About science

In our daily life we are faced with observations for which we have no valid explanation. There are questions for which we don’t know any valid answer.

For some of these questions we know that we cannot know the answer. “Does it all make sense?” is one of them. See The meaning of life.

Some of these questions have been unanswered at some time but got an answer as science evolved. For example, 500 years ago we had no valid answer to the question whether the Earth is flat or spheric, but today we can validly say that we know the answer to this question.

And then a lot of questions are kind of work in progress: What are the causes of cancer or asthma? Is climate change so urgent that it requires actions that endanger economic stability? How can we satisfy the needs for water, food, shelter, health, education of a growing human population? How can we manage to live on this planet in sustainable peace?

These questions are the field of science.

science

The art of managing human knowledge.

scientific method

A set of methodologies used to answer questions formulated as theories.

scientific evidence

Evidence that confirms (or counters) a theory in accordance with scientific method.

scientific community

A world-wide network of scientists interacting in diverse ways in accordance with scientific method.

rationalism

The practice or principle of basing opinions and actions on reason and knowledge rather than on religious belief or emotional response. Believing that science and human reason can answer our spiritual longing for seeing God and understanding his Good News.

Intermezzo: Watch Pumba and Timon talking about the stars.

Pumbaa: Timon, ever wonder what those sparkly dots are up there?
Timon: Pumbaa, I don’t wonder; I know.
Pumbaa: Oh. What are they?
Timon: They’re fireflies. Fireflies that, uh… got stuck up on that big bluish-black thing.
Pumbaa: Oh, gee. I always thought they were balls of gas burning billions of miles away.
Timon: Pumbaa, with you, everything’s gas.

“I don’t trust in science”

I disagree with people who refuse to trust in science.

I agree that we should not trust in science blindly. Indeed scientific evidence does not mean that something is “definitively true” because science is just a product of human civilisation, and it is limited to the visible world. Scientific research is limited by available money. And indeed pseudo-scientific methods can be abused by corporations who want to present some theory as if it was scientific evidence.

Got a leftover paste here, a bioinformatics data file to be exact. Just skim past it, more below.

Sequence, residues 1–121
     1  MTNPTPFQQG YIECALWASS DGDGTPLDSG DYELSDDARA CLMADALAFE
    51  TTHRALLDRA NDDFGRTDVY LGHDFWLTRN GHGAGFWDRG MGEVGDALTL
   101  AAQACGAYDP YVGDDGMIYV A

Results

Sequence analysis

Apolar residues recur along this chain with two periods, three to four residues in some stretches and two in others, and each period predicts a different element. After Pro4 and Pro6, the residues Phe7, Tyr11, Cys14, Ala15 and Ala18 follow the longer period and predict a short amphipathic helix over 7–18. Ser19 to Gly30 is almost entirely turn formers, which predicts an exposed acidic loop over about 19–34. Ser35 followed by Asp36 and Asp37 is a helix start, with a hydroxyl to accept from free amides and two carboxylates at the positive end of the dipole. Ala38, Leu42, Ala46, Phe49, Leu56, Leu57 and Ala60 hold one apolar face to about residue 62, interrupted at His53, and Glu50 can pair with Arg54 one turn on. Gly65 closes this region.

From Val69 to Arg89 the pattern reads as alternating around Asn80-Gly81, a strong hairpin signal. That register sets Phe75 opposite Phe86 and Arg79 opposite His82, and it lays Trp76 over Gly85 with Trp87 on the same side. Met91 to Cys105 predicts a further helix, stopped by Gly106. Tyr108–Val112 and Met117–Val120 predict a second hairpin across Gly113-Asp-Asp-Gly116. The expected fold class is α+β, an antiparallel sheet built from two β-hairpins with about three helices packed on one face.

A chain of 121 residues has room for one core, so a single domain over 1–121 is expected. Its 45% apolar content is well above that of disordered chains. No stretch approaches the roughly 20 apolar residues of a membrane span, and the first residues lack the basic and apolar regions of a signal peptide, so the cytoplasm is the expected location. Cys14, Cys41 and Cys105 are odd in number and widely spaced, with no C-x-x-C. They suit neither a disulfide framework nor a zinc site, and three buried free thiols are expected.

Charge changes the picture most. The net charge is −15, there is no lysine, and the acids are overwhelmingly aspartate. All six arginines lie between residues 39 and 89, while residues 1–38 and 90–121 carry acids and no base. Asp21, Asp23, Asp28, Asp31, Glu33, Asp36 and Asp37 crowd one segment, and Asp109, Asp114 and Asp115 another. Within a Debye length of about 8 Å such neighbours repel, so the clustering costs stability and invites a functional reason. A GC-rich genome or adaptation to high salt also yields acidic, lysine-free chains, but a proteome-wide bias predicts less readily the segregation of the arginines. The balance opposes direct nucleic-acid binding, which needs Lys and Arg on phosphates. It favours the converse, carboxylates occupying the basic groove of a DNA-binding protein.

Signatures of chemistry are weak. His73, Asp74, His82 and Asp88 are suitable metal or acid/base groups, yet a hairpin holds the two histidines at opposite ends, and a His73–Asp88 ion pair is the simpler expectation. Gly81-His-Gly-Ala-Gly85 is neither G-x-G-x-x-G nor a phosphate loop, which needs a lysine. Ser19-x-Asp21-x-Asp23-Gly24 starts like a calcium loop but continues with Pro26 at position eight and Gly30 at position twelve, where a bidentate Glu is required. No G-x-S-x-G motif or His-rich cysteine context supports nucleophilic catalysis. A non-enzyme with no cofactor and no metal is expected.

“It is better to take refuge in the Lord than to trust in humans.” (Ps 118:8)

“Trust in the Lord with all your heart, and do not lean on your own understanding. In all your ways acknowledge him, and he will make straight your paths.”” (Proverbs 3:5)

But don’t throw out the baby with the bathwater. God created humans with a brain, senses and intellectual capacities. He wants us to observe and analyze the visible world. He wants us to give a name to everything. Refusing to accept scientific evidence as a more trustworthy tool than for example a Holy Scripture is a form of superstition and leads to unrealistic results.

Science is not objective

Evangelical author Gene Veith purports (in Canceling Science) that science is “the realm that purports to be totally objective”. I don’t agree with this claim. Real scientists don’t claim to be totally objective. Rather the opposite. A real scientist says that nothing –including Holy Scriptures– is totally objective. This is also what Jesus told the religious leaders of his lifetime: even your Holy Scriptures aren’t the whole truth.

Does science push back God to his ramparts?

Some people say that science “pushes back God to his ramparts”, constantly gaining ground as our technologies evolve.

This statement is indeed based on a correct observation: certain questions have moved during human history from the invisible to the visible world. Two thousand years ago humanity did not know about bacteria, viruses, evolution, atoms and such things. We did not know whether Earth is a sphere or not. In two thousand years humanity will probably know much more than today, and humans will be surprised when learning from historic sources that we didn’t know these things.

What I dislike with this statement is that it implies that the Universe would consist of two “territories”, a visible “human world” and an invisible Kingdom of God. Christians don’t believe this. Christians believe that the Kingdom of God penetrates the visible world. They are not separate territories.

Conclusion

Yes, humans want to know the whole truth. But let’s acknowledge that we will never reach that goal. Let’s stop claiming that some Holy Scripture or some scientific report is infallible or perfect. Both (true) science and (true) Christianity get useful results despite our lack of absolute truth. The former focuses on the visible world, the latter on the invisible world. And we should consider every decision from both sides. Science and faith complement each other. When one of them refuses to acknowledge the other side, then something is wrong.